I know that much trouble was going on concerning Schröder's foreign politics, especially in dealing with Dubya's Iraq politics. In my opingion Schroeder did the right thing when he told Bush that germany will not participate in any kind op military action against Iraq. If the U.S. really attack Iraq, the will be the agressor in this conflict, no matter what kind of an asshole Saddam is.
International treatys, especially the "four and two"-treaty signed after WW II forbid germany ever to be the agressor in a war again.
The four and two-treaty was a plan to keep germany under control after they started both world wars - the four powers who forced this treaty were the winners of WW II, among them - the USA.
And even as part of a UN mission it's Germany's own choice it they want to participate. If there is some kind of german-american friendship, its our right -as friend of the USA- to tell them if we think they are wrong.
Concerning these rumours our DOJ's head, Herth Däubler-Gmelin, should have compared Bush and Hitler: It is still not proven if she really said it (as the only paper reporting the incident is conservative, this might have been an attempt to turn around voter's opignions, especially as the incident was reported only three days prior the election). Even if she did it, chancellor Schröder apologized, she resigned, all is well.
Bush's policy of literally stopping any communication with germany is nothing but childish.

While Schröder and his minsters started off quite well after the 1998 elections and it really seemed like some "fresh air" would blow away the dust from twelve years under Kohl, he soon started to struggle. After he sucessfully integrated Germany as a full, trustworthy partner into the international community (even serving in military UN missions) and creating new jobs, big reform projects like health insurance and retirement pay system did not go as far as needed and with the burst of the new economy bubble the economy collapsed.
Risen like phoenix from the ashes the Union quickly recovered from the loss of trust they suffered from corruption and donation scandals, stating the socialist simply don't know how to work with money.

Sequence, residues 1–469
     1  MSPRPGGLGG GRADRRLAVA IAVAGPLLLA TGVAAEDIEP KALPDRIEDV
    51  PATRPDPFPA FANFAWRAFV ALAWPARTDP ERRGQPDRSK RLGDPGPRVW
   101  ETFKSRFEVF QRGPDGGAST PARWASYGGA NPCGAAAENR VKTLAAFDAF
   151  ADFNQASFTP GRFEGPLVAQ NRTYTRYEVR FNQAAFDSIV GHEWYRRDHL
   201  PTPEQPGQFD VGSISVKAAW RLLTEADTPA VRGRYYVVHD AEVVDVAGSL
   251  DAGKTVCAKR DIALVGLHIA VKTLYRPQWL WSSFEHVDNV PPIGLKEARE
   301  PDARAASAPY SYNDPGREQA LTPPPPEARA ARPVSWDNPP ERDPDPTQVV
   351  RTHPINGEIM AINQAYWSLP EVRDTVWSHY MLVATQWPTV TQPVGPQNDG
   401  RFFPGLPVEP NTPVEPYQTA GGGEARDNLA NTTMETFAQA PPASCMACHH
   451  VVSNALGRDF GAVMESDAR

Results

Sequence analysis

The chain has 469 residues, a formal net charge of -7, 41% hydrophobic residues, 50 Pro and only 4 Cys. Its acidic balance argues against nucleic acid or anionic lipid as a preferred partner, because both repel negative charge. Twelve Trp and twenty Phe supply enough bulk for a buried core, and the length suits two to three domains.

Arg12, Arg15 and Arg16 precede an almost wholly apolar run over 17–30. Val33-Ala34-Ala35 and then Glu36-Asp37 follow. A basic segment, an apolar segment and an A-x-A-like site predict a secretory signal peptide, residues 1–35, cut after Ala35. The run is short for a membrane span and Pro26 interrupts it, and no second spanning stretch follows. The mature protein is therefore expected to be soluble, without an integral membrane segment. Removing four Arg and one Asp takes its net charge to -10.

From 2000 on, the surveys recorded a change in the voter's will, with rising figures for the Union with every collapsed new economy startup.
After this, everything seemed to work as made for the Union, the economy continued to struggle, their newly-chose candidate Stoiber managed to suggest they would have the better economical competence without ever offering an own concept and finally, just as the SPD started to introduce a new law on immigration into Germany, some arab students from Germany blew up the WTC. Since then, everyone aceppted it as a fact that the winner of this election would be Edmund Stoiber.
Until suddenly the page turned again as Schroeder demonstrated his ability to sucessfully manage most crises as the rivers Elbe and Donau flooded most of eastern germany. Schröder visited the victims, assured financial aid and passed a law to finance the reconstruction of the devastated shorelines within a week.
Suddenly, the SPD was in front of the Union again, until aforementioned nazi-comparisation, real or not, led some voters away from the SPD.
The Grünen, with their focus on environmental issues, got a boost from the flood too, as they always were against the straightening of rivers which -partly- led to the catastrophe.
Last and least, the true losers of this election were the FDP and the PDS. While the PDS had most of its followers in eastern germany and many of them voted SPD to prevent Stoiber (who wanted to cut financial aids for the ex-GDR), the FDP suffered from a campaign against israel's politics started by their vice-president, Jürgen W. Möllemann without any coordination with the rest or the party. This campaign was widely regarded as anti-semitic and a try to fish some votes from the extreme right (read: Nazis). While they still gained some votes, they missed their own aim of becoming a third major party with at least 18 %.

Sources: www.bundeswahlleiter.de (federal office of elections), www.spiegel.de (german news magazine)